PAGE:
It's basically just an avenue for people without mod points to get the worst comments downmodded more quickly.

  • scare tactics (Score:5, Insightful)

    by RichMan (8097) on Monday February 13, 2012 @02:21PM (#39021945)

    Some people make a lot of money from ads. The net was here and functioning perfectly with lots of people. Then the advertisers showed up to make money. The people making money want to scare people into thinking it will all go away if they lose the money making machine. It will work just fine.

    The net was meant to be a collaborative medium. It was not meant to fuel profit into someones pocket as a distribution system. The net will function just fine if it is not leveraged into a money making distribution system.

  • Internet was much more free in the early stages, and ads were much more prominent then. By then, this array and wealth of tracking mechanisms and options werent even there. When something came to your site, you assumed that it was a visitor.

  • Doesn't mater (Score:5, Informative)

    by na1led (1030470) on Monday February 13, 2012 @02:21PM (#39021951)
    The ISP will track your every move. The private browsing option is just in case your Wife finds out where you've been on the Internet.
  • let it die (Score:5, Insightful)

    by AntEater (16627) on Monday February 13, 2012 @02:21PM (#39021961) Homepage

    If tracking is the only way the "free" internet can survive then it deserves to die. I think you'd find the creativity of people will work around such a limitation.

  • by erroneus (253617) on Monday February 13, 2012 @02:22PM (#39021987) Homepage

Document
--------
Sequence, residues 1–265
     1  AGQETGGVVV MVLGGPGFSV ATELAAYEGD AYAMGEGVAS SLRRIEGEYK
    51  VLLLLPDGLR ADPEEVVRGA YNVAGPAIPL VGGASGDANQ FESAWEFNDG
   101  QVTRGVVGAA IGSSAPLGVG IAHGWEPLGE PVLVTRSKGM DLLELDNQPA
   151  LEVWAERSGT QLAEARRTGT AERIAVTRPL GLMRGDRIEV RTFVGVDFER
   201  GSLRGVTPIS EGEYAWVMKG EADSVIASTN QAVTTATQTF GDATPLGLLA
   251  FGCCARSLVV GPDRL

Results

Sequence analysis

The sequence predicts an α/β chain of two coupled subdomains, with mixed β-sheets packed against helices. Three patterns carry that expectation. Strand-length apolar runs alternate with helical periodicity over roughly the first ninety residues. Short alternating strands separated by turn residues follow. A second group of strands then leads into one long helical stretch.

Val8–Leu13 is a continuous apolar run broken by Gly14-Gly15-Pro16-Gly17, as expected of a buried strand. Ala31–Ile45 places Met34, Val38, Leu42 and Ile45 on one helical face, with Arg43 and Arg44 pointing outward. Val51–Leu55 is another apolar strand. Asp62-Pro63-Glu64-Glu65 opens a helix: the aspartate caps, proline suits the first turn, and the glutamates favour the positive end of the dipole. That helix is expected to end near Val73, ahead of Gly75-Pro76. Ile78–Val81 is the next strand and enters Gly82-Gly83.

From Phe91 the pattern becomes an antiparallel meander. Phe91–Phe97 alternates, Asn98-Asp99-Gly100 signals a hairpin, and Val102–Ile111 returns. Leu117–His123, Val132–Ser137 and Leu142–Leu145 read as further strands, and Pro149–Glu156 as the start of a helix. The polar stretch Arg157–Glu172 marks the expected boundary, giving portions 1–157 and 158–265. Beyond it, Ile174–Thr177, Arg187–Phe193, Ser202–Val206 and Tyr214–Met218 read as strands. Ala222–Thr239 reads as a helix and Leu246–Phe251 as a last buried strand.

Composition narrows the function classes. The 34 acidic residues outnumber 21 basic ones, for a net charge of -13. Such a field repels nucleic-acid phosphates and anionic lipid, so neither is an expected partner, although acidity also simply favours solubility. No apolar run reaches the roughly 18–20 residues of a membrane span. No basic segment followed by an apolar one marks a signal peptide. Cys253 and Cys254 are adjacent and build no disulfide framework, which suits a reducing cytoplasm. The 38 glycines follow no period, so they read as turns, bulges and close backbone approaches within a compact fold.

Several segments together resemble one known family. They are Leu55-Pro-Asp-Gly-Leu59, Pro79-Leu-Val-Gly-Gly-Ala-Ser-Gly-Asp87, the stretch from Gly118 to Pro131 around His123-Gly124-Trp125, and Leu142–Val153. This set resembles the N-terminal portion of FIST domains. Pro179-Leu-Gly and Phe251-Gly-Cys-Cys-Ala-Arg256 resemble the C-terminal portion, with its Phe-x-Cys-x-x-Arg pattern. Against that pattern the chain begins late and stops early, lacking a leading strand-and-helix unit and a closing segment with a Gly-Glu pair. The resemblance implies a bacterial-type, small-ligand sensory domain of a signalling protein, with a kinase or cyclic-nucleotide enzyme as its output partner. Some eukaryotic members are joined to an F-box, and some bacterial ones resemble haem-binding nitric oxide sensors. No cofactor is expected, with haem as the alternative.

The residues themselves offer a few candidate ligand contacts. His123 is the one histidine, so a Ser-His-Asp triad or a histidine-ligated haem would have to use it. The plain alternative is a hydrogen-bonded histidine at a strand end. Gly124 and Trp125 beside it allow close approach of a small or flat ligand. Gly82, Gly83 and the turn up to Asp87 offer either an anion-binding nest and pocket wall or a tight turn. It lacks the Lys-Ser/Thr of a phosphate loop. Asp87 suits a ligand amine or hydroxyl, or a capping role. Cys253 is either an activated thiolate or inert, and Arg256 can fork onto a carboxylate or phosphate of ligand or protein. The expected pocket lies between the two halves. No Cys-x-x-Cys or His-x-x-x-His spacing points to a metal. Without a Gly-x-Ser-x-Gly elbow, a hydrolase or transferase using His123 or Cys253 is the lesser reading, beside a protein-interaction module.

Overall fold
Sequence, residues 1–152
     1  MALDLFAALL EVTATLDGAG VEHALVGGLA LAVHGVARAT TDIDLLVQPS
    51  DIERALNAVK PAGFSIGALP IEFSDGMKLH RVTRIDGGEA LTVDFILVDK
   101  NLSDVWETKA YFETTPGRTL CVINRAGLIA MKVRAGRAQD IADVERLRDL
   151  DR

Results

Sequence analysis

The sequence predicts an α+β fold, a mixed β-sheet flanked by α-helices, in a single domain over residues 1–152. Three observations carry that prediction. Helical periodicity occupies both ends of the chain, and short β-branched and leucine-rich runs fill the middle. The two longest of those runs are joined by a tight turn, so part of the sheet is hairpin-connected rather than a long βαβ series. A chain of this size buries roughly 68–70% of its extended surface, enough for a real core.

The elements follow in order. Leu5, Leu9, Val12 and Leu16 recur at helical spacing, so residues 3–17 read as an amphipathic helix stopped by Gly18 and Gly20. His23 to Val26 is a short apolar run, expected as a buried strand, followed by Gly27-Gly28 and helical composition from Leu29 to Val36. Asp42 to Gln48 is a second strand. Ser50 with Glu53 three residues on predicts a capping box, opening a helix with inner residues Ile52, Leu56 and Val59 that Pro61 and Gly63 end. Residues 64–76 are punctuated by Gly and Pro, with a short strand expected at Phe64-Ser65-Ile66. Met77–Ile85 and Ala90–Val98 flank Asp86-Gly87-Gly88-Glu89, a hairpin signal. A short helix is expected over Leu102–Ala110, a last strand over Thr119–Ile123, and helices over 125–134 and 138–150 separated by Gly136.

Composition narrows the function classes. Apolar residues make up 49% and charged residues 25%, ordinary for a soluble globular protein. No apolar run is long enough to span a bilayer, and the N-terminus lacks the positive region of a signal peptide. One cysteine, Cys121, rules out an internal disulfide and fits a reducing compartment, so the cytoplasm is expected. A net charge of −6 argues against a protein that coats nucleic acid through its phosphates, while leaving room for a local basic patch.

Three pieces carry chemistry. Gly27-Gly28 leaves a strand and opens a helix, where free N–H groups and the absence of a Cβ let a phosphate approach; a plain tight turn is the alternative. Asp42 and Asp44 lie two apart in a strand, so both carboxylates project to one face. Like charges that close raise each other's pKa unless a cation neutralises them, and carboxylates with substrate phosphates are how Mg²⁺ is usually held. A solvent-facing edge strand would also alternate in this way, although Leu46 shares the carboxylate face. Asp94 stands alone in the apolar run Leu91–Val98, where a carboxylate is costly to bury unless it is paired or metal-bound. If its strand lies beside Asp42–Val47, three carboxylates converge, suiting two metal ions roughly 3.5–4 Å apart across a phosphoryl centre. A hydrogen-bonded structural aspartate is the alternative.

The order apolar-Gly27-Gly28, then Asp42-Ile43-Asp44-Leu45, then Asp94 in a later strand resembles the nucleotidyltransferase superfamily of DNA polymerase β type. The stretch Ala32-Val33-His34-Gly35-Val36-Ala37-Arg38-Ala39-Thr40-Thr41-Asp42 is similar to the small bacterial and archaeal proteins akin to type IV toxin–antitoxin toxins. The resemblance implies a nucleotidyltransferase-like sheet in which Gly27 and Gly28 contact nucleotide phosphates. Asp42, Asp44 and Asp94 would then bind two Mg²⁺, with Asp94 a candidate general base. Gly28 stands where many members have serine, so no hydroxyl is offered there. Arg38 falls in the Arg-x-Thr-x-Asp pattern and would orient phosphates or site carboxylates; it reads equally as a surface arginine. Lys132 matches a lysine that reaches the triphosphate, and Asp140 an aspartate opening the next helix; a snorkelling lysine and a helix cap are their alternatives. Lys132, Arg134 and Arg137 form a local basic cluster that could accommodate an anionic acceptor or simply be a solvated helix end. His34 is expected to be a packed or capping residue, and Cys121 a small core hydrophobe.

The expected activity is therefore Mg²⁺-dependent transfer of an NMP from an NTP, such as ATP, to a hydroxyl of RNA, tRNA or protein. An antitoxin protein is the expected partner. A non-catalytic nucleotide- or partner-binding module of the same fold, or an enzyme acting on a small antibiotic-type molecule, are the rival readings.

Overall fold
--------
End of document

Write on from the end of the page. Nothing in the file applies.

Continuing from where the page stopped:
The parties who get on the internet to conduct legitimate business and to share information and to collaborate will continue doing so JUST FINE.

    To parallel a little... badly... did the "Do Not Call" registry kill collections and telemarketing activities? Nope.

    • by rgbrenner (317308)

      Are you sure about that? How many people will cancel their net connections when facebook, google, and other ad supported sites shutdown. People aren't going to pay for a connection that's only useful for buying things from amazon.. and when they don't have that connection, they will never buy from amazon.

      • by drinkypoo (153816)

        Are you sure about that? How many people will cancel their net connections when facebook, google, and other ad supported sites shutdown.

        Mu.

        You have to log in to use Facebook, and by its nature facebook tracks your activities because that's what it's for, and since the users deliberately create the information used to track them facebook won't have to change its behavior at all. Google tracks many users because they log in because they want google to save their settings, among other reasons, and as history is a key part of google's functionality, they won't have to change either.

        Any good examples for us?

    • by timeOday (582209)

      To parallel a little... badly... did the "Do Not Call" registry kill collections and telemarketing activities? Nope.

      Really? Have you forgotten what a nuisance telemarketing used to be before "Do Not Call"? From what I can tell it was very effective.

  • Do Not Track might kill the free internet if sites had any intention of not tracking users. They don't. Whatever you do, they'll try to track you and market that info to advertisers.
  • ... where the primary purpose is user habit tracking. Perhaps for a get-as-much-users-as-possible web site with no real content that has no other purpose than to attract ad clicks it is important to target different ads to different users.

    But all cases I can think of where REAL websites have REAL content, it is trivial to display ads that are aligned with the content of the site. If I look at science fiction movies at a movie web site, they just have to show me other science fiction movies. If I look at car

  • In a word? (Score:5, Insightful)